Is something wrong with Cam?

Is something wrong with Cam?
September 28
01:00 2017

The Carolina Panthers are off to a pretty good start in 2017, as far as their record is concerned.  One thing has seemed a little off through the first couple of games: the play of star quarterback Cam Newton.  That was even more evident after the loss to the Saints this past Sunday.

Newton has never been the most accurate passer throughout his career, only completing 60 percent of his passes in a season twice.  Sixty percent completion percentage is by all accounts the benchmark of an above average to elite quarterback.

Early on this season, he is hovering around that mark, but coming off of off-season shoulder surgery, Newton doesn’t seem quite himself yet.  He has missed open receivers time and time again so far this year along with not playing with the same swagger that he has been known for.  He is also throwing for an all-time low in yards per game at 199.5 so far through two games.

Newton missed most of the off-season workouts due to the surgery.  Couple that with the fact he only threw two passes in the preseason and one could assume that’s the reason for the slow start to the season.  

I personally think that it’s not only the surgery and lack of throwing in the off-season but the multitude of hits Newton has taken over the years.  By the end of 2016 Newton, had been hit nearly 900 times rushing and throwing in his career, far more than any other quarterback during the same time frame.  He also leads all quarterbacks in rushing attempts since he entered the league.

All of those hits take a toll on a player regardless of his superior size of 6 feet, 5 inches and 250 pounds.  Most often he is bigger than many of the defenders who are trying to tackle him, which may give him a sense of invulnerability.  That style of play will definitely shorten his career and could lead to further injuries.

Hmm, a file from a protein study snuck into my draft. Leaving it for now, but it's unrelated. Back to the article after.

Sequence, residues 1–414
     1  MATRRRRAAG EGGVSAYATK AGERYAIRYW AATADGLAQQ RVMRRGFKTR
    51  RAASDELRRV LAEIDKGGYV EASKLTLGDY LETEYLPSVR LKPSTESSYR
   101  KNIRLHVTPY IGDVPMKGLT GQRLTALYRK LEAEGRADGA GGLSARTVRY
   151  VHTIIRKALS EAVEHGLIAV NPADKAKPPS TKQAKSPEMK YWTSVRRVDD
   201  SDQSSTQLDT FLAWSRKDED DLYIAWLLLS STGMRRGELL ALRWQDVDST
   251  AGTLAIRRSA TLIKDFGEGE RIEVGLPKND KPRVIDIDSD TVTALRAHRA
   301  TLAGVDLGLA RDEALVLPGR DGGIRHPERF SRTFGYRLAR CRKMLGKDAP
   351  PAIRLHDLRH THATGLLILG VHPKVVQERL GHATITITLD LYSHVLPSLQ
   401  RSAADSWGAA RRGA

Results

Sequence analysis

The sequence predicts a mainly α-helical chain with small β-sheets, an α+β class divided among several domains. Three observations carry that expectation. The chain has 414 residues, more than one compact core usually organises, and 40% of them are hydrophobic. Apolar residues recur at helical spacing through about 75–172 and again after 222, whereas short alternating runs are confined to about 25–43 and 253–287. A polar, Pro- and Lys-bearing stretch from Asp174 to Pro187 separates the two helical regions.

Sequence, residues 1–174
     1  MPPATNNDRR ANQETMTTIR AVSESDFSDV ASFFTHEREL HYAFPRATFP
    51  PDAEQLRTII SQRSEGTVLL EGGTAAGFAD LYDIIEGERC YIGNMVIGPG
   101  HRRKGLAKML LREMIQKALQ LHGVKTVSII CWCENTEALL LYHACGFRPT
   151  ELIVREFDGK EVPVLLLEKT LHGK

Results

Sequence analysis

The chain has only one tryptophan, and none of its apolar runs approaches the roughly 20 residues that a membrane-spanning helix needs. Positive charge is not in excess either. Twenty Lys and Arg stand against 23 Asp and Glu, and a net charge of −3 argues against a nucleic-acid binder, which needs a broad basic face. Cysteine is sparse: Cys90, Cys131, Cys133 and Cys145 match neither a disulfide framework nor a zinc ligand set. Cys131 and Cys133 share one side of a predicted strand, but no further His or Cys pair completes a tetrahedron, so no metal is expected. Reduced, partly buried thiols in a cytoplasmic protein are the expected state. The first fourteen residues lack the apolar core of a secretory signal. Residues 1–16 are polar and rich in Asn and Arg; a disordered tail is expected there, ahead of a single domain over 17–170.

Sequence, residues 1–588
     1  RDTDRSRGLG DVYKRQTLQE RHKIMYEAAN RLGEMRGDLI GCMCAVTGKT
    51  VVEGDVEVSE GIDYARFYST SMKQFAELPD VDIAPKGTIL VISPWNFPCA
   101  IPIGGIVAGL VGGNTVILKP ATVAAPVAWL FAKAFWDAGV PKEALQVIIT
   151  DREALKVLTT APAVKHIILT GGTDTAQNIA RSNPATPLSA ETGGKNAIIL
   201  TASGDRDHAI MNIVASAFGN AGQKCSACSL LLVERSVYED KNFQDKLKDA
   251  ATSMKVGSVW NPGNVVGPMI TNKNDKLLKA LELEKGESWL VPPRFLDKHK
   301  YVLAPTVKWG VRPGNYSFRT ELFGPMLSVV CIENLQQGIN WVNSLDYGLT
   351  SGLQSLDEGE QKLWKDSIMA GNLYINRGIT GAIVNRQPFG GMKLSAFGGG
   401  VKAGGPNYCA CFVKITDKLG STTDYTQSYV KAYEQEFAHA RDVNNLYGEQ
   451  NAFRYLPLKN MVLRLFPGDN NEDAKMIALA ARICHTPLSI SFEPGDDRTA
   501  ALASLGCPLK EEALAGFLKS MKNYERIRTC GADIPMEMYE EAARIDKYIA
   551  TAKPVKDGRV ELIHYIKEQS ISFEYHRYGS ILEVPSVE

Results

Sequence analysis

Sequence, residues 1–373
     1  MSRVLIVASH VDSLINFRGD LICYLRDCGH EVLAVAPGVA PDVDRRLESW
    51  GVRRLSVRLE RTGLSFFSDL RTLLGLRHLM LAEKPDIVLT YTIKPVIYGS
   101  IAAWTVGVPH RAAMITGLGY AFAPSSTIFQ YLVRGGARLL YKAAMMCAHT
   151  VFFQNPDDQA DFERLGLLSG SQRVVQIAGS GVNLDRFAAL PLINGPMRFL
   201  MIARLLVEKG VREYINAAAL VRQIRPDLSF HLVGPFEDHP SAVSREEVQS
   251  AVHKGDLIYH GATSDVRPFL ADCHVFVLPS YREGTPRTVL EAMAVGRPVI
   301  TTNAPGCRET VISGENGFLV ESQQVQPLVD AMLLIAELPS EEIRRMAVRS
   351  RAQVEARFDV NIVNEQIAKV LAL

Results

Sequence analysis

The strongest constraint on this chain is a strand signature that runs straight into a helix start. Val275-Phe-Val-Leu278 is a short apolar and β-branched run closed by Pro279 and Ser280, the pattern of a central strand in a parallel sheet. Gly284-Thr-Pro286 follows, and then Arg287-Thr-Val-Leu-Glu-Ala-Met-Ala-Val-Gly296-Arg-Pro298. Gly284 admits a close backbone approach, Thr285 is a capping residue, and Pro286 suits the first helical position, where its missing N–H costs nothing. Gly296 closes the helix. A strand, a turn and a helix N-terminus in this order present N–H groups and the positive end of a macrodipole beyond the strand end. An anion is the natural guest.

For comparison, even during his MVP year of 2015, Newton only completed 59.8 percent of his passes.  But he had a total of 45 touchdowns (35 passing and 10 rushing) with only 10 interceptions.  Last season we saw a precipitous dip in production as compared to the year before.  In 2016 Newton accounted for 24 touchdowns (19 passing and 5 rushing).

Newton is one of the most exciting players in the league but changing his style of play is a must rather than a choice at this point. As he approaches the age of 30, taking better care of his body and not taking as many hits should be the top priority.

Many other running quarterbacks in the past have changed their style to avoid getting hit so many times along with extending their careers.  Some examples are John Elway, Steve Young, Randall Cunningham and Donovan McNabb.  All realized the way to the Lombardi trophy was not running but instead developed into dynamic passers from the pocket.

It is still early in the season and it is not beyond the realm of possibility that Newton rebounds closer to the form he showed in 2015.  I argue that the quarterback we saw in 2016 is more like the quarterback he is.  2015 may be an aberration rather than the norm because we have never seen Newton play at that high level prior to that and have yet to see him get close to that since then.

I am not saying Newton is as pedestrian as he showed in 2016 and early on this year because you have to take into account the injuries that he has sustained during that span.  But I am questioning whether or not he can get close to what he showed in 2015 and change his style of play while being just as effective.  

Following the loss to the Saints, the Panthers have a tough next three weeks as they match up against the Patriots, Lions and Eagles, with the first two on the road.  Couple that with the loss of star tight end Greg Olsen and go to wide receiver Kelvin Benjamin and those games just became even more difficult.

After those three games, everyone should have a clear idea of how Newton and the offense of the Panthers will be for the year.  I expect Newton to round into form around week 5 or 6, which will give him plenty of time to shake off the rust.

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Timothy Ramsey

Timothy Ramsey

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